For Gray, watching is not good enough Surgery cuts out fun for St. Paul's star

Devin Gray worked hard the past two seasons making a name for himself and proving that he belonged among the nation's top basketball players.

But tonight at 8, as many of the country's top high school players meet in the Capital Classic at the Capital Centre, Gray, a senior center from St. Frances High, will sit on the bench and watch -- the entire game.


On March 15, Gray had an emergency appendectomy.

The operation came one day after Gray scored 38 points in a quarterfinal of the Alhambra Tournament at Frostburg State. The next day, while his teammates were being routed by nationally ranked DeMatha, Gray lay in a hospital bed in Cumberland.


"He knows everything happens for a reason," said Gray's mother, Patricia. "He's just wondering why it couldn't have happened three games later. His spirits go up and down. Since he has been home, he tries not to think about it, but you can tell by his actions that he's real disappointed."

Devin Gray said: "I feel like I had a very good year, and now that I can't play it feels like it was all for nothing."

Gray established himself this season as the Baltimore area's dominant big man and became the area's top recruit after bursting onto the high school basketball scene as a junior. He averaged 24 points and 12 rebounds this season, was named the Baltimore Catholic League's Most Valuable Player and was a first-team All-Metro pick by The Sun for the second straight season.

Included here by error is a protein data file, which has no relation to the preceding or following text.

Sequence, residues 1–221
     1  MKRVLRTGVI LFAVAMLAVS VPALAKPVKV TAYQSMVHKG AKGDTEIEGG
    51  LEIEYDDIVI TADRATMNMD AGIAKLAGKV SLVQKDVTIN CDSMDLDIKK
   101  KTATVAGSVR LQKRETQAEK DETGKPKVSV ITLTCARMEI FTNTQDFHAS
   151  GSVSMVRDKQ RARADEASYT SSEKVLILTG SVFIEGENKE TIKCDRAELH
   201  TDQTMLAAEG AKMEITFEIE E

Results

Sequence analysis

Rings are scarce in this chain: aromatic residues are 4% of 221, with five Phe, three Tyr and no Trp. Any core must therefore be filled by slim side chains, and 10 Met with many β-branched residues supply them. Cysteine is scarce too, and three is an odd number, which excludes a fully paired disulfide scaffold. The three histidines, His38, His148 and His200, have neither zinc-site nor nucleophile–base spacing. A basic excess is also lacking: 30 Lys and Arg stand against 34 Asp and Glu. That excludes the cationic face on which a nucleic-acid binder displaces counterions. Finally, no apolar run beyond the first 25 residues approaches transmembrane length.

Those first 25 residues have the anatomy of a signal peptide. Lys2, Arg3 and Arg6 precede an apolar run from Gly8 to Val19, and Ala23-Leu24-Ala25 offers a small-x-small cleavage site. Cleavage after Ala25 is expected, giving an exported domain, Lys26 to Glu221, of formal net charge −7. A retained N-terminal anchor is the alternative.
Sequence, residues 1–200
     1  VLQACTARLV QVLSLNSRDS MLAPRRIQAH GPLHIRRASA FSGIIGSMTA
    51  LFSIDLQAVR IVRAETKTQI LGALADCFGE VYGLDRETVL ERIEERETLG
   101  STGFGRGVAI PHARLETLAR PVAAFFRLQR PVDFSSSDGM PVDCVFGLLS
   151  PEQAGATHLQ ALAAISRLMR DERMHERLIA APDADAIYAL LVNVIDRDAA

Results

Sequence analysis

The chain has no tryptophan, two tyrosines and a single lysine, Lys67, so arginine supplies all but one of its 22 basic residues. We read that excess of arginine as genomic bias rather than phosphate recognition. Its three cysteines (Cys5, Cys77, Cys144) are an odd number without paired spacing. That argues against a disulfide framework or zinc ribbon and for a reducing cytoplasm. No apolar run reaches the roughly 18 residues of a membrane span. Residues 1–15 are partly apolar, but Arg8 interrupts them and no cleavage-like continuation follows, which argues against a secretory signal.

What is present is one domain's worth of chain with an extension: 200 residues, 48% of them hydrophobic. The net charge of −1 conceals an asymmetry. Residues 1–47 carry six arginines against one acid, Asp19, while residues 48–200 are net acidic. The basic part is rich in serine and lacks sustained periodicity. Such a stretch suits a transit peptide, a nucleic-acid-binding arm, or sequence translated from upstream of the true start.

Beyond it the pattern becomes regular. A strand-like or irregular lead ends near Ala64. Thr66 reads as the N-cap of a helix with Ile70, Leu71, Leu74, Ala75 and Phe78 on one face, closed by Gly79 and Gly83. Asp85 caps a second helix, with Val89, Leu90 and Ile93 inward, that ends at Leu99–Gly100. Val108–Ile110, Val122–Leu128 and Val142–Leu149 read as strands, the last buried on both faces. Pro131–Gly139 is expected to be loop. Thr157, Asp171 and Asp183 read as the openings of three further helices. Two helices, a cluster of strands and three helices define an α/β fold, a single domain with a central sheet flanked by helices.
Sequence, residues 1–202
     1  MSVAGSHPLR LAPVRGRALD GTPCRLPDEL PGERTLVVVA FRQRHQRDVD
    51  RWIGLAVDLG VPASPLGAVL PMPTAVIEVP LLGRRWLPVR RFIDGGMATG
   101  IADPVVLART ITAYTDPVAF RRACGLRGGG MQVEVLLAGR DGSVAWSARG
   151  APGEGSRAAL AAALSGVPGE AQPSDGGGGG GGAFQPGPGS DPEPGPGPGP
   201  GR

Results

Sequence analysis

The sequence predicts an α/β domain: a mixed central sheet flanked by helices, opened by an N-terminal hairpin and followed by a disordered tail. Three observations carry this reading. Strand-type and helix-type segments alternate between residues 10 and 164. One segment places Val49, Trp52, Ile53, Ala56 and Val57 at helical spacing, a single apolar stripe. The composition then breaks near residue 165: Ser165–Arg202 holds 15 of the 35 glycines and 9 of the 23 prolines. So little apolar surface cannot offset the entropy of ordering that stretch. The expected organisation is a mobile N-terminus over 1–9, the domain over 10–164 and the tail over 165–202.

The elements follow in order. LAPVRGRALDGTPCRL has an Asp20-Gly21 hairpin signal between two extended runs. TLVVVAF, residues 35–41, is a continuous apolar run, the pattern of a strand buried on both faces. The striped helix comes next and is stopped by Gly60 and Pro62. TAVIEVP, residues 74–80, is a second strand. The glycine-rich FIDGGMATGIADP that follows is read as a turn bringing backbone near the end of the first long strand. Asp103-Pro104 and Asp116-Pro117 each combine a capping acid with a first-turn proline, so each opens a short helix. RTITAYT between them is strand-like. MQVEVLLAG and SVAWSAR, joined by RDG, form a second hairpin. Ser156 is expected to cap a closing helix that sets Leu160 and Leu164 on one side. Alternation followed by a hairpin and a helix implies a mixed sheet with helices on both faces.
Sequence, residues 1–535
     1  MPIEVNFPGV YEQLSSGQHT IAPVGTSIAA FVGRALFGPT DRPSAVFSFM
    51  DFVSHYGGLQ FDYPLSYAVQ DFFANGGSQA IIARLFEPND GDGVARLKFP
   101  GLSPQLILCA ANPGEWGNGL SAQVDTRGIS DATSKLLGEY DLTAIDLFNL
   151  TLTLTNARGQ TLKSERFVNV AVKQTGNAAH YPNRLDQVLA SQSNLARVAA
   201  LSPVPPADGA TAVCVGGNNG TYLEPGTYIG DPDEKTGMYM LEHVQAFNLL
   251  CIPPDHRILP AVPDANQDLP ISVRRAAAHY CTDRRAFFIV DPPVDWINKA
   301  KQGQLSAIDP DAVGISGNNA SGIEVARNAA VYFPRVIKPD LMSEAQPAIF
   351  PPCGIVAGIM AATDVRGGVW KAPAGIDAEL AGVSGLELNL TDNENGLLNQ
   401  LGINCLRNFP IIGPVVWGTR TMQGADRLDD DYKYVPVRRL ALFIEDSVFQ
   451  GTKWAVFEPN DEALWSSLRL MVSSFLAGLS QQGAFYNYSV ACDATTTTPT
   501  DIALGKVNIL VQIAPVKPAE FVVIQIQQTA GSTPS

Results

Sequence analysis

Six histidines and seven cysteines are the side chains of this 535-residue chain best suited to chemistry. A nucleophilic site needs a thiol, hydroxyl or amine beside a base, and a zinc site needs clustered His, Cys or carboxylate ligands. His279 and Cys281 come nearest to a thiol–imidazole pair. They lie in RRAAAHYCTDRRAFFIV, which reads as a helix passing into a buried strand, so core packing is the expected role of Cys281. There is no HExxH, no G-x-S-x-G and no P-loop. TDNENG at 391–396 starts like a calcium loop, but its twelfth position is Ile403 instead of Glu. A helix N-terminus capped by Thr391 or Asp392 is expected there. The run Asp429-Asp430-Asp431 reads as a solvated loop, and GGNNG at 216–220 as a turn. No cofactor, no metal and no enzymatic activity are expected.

The Capital Classic was supposed to be the culmination of an outstanding high school career.

Gray said DeMatha coach Morgan Wootten visited him while he was in the hospital and promised to try to get Gray into another national all-star game. There is also a chance that Gray could play in a Baltimore-area all-star game next month, but playing in the Capital Classic would have been a dream come true.

"I'm still going through all the stuff [ceremonies] that all the other guys are, and I've been on the sideline at practices watching them," Gray said. "I'm happy for them, but I'm not happy that I won't get to play."

Gray, who has not committed to a college, would have been the first player from a Baltimore school to play in the Capital Classic since Lake Clifton's Thomas Jordan in 1987.